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California attorney general announces steps against 'smash and grab' robberies


Organized groups of shoplifters have attacked a Nordstrom, a CVS and a Louis Vuitton store in cities across California in recent weeks. Smaller shops have been targeted, too, like Code 1 Jewelry kiosk in South Bay. Catherine Kim's family owns the business. Her mother helps operate the store and called Catherine during the robbery.

CATHERINE KIM: She, like, literally couldn't speak. She was just kind of, like, making noises. And then she ended up, like, just hanging up on me because I think she was so shocked at what had just happened.

SHAPIRO: The business lost about $250,000 worth of goods.

KIM: We're a very, very small, family-owned business. It's literally just my mom and my dad. And for them to, like, have such a huge setback like this - it's very discouraging.

SHAPIRO: California's attorney general, Rob Bonta, joins us now.


ROB BONTA: Thank you for having me - honored to be with you.

SHAPIRO: You've said that some of these smash-and-grab attacks are being planned by organized crime rings and that they're organizing them by text and social media. What evidence do you have about who exactly is behind this?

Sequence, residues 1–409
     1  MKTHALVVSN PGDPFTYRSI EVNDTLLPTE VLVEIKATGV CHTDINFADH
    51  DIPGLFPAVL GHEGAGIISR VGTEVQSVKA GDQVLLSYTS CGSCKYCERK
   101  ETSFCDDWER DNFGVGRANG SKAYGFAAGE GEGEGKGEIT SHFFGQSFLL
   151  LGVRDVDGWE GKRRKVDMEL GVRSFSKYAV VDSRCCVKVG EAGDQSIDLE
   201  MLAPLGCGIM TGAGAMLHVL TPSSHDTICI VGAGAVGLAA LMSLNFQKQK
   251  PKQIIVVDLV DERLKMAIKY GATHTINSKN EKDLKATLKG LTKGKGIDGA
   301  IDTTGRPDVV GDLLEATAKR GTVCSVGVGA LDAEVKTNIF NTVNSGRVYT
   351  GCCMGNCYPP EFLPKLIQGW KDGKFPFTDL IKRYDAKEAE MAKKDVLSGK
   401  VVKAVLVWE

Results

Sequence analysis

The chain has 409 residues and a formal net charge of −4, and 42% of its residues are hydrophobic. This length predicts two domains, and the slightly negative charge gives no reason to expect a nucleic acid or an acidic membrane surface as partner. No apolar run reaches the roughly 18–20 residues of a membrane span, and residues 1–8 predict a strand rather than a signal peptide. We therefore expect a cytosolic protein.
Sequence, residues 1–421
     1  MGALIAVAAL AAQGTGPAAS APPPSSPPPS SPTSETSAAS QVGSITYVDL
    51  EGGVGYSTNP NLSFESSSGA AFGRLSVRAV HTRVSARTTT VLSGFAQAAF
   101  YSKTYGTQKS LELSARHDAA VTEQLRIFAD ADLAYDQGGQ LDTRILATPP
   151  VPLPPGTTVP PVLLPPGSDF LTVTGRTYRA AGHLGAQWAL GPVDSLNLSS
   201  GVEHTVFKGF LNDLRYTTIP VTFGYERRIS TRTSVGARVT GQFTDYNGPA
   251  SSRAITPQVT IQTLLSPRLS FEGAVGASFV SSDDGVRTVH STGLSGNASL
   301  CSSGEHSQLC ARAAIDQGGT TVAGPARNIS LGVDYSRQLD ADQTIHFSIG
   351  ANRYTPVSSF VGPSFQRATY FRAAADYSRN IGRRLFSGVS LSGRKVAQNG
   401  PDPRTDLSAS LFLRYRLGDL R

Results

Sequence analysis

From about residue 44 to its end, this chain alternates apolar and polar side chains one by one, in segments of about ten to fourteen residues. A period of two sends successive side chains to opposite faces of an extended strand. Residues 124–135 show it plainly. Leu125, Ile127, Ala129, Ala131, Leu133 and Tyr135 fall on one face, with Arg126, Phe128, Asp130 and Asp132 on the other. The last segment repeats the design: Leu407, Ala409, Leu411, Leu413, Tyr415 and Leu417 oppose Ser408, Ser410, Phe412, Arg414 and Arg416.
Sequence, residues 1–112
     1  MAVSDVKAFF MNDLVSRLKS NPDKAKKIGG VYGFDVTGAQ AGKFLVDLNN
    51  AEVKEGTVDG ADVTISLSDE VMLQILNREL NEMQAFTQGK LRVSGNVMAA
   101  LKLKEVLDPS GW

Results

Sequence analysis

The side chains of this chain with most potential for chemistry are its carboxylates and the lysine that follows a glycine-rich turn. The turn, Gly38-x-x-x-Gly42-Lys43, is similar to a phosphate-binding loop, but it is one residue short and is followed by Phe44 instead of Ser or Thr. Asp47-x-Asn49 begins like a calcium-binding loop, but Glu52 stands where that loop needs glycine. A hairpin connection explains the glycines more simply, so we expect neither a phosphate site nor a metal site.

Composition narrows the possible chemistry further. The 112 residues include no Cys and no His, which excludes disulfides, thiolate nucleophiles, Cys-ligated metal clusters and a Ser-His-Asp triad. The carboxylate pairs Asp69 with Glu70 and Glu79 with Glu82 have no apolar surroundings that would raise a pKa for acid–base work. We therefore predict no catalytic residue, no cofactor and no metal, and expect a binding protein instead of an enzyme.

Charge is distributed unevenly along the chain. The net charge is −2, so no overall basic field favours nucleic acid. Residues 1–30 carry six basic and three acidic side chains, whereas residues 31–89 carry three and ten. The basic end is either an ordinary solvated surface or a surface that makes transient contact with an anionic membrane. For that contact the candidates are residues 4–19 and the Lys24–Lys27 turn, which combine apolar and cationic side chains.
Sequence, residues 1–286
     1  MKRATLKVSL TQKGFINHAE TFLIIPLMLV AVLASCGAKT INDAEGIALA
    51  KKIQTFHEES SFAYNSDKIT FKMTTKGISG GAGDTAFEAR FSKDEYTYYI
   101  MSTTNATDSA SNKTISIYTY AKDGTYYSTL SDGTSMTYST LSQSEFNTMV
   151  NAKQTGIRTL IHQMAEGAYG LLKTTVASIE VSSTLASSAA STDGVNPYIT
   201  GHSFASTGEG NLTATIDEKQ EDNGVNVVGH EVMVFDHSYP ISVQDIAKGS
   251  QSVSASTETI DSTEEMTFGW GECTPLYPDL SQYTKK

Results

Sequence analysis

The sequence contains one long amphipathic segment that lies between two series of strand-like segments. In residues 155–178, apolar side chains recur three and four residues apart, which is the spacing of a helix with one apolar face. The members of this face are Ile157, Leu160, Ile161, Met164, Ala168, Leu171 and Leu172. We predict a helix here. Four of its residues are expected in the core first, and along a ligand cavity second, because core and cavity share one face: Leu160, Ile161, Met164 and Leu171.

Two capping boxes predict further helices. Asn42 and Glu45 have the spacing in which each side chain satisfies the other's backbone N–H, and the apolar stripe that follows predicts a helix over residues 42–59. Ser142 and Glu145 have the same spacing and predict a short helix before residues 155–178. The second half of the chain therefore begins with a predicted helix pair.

BONTA: The evidence we have demonstrates that these are organized retail crimes. It is multiple individuals planning, strategizing, targeting a store or stores and then implementing that plan and then taking the proceeds that they've stolen and reselling them on secondary marketplaces to make a profit. And we've had multiple cases at different levels of the criminal justice process from sentencing, arraignment, arrest. And we are seeing a lot of the same patterns of, as you say, communicating using social media platforms and going after this retail theft in an organized way to make a profit.